Abstract

A new and unusual pliosaurid from the Peterborough Member, Oxford Clay Formation (Callovian, Jurassic) of Cambridgeshire, UK, exhibits a type of pachyostosis and bone thickening of the rib cage and vertebrae. Pachycostasaurus dawni gen. et sp. nov. was most probably a benthic feeding carnivore with a generalist diet that included fish and invertebrates, and was a slow swimming underwater flyer with ventrally placed ballasting of the skeleton to resist roll. The apparent rarity of this pliosaur may indicate that it is allochthonous in the Oxford Clay biota.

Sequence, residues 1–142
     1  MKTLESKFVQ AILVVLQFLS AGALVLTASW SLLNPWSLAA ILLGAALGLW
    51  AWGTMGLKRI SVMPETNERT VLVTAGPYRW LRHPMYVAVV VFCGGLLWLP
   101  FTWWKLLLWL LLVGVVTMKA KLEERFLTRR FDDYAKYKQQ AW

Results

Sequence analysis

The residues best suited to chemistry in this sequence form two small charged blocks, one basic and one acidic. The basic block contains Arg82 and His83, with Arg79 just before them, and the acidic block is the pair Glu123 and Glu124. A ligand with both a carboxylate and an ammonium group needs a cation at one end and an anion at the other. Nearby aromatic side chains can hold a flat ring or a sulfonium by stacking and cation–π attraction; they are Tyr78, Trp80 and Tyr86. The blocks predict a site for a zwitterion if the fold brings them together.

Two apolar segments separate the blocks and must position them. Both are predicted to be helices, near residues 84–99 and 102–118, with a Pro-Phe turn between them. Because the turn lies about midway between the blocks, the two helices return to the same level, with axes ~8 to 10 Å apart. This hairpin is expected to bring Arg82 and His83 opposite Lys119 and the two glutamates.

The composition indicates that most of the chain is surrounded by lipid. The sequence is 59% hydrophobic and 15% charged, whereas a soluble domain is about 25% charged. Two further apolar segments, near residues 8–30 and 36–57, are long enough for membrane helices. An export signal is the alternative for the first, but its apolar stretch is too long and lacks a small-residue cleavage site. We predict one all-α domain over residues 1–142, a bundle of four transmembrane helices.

From a palaeoecological viewpoint, the find is significant for two reasons. Firstly, as an air breathing animal that is thought to have fed on benthos or nektobenthos, Pachycostasaurus may have been important in transferring resources from the benthic food web to the surface food web. In a more general sense, the new find provides further insights into the possible trophic structure of aquatic animal communities during deposition of the Oxford Clay.

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